Next Cecchinato cuts the dough into manageable balls, each about the size of a navel orange. She eschews the rolling pin because it hurts her hands; using her open palms, she pounds each ball into submission, throwing her entire weight into it and flattening the balls until they are each about one-fourth inch thick.
Then she rolls the dough through the manual pasta machine, first using the thickest setting; on most American models this will be the 1 setting. There is a bowl of flour nearby; she dusts the dough lightly almost every time she touches it -- this prevents sticking and helps ensure against bubbles and tears.
After she rolls the dough through once, she folds it lengthwise and rolls it through the thickest setting once again. Filippo searches through the dictionary to find the word for why she does this twice: It “amalgamates” better, is what he says. Then she takes the dough up the scale, rolling her dough through the 2 setting, the 3 setting, the 5 setting, the next-to-thinnest setting, and then, if it’s not thin enough for her, the thinnest. She then puts on the reginette (or desired pasta) cutter attachment and sends the dough through for the last time.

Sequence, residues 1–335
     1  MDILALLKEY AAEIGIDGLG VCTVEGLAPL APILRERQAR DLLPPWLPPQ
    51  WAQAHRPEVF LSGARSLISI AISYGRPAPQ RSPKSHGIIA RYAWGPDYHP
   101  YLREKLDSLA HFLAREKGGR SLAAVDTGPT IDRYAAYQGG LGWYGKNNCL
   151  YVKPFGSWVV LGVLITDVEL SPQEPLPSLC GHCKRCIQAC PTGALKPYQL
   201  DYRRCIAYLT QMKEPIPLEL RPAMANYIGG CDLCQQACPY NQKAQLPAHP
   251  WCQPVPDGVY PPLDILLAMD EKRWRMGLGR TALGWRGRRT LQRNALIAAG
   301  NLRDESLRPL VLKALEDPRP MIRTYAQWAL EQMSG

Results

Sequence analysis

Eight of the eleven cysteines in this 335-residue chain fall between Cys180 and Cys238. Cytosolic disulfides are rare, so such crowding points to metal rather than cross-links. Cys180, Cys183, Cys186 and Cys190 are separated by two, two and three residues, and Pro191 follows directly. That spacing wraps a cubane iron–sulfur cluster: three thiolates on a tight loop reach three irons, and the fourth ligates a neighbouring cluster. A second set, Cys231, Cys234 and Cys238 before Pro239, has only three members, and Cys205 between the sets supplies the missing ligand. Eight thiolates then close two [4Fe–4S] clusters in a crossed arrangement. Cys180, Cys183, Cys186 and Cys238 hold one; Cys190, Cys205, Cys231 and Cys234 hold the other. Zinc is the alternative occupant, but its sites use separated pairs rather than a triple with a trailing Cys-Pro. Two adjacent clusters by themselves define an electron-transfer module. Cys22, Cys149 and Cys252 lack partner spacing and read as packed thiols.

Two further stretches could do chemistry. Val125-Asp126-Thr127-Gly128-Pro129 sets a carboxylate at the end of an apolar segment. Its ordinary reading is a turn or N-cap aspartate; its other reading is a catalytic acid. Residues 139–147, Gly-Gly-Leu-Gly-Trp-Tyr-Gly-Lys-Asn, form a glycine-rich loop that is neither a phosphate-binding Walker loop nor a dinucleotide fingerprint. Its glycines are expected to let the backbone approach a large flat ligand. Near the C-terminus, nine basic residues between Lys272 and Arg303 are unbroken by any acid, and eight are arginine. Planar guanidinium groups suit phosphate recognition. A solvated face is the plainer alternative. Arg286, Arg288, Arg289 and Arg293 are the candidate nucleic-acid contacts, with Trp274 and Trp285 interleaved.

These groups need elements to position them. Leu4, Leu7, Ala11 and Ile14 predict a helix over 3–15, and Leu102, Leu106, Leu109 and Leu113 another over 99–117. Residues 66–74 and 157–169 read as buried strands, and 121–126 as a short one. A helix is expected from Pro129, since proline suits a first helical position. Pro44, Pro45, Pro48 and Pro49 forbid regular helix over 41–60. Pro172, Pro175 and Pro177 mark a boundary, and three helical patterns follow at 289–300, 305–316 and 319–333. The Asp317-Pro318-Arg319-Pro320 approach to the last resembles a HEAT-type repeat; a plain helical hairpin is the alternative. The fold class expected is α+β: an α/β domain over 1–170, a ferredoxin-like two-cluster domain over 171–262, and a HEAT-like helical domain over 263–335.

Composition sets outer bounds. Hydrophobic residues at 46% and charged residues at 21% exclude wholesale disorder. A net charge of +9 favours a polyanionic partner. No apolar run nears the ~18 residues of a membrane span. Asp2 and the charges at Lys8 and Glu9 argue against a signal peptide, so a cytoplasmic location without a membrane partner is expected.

As her strands of reginette emerge like ribbons from the pasta machine, she fans them out wide with her floured fingers. The strands are so delicate I eat one raw, and it’s already tasty. You can only imagine how perfect it will be later, boiled for four or five minutes and sauced with a simple recipe from Venice, Vicenza or Rome, most likely adapted from La Cucini Italiana, a monthly magazine Cecchinato has been collecting since 1962.
Our favorite of Mamma’s sauces is the one from Padua, featuring Treviso radicchio (the slender, leafy variety), sausage, guanciale and a bit of cream. The idea of adding guanciale, or cured pork cheek, she says, was hers. It can be difficult to find. Filippo buys it from Guidi Marcello Co. Ltd. in Santa Monica ( 452-6277). This is a wholesale store, but they may sell you guanciale if you say Filippo sent you. (The home cook can always substitute salt pork.) It makes a wonderfully flavorful and surprisingly light sauce (you can just barely detect the cream) on a remarkably tender pasta. The combination is delizioso. Molto, molto, molto. Padua’s loss, Hollywood’s gain.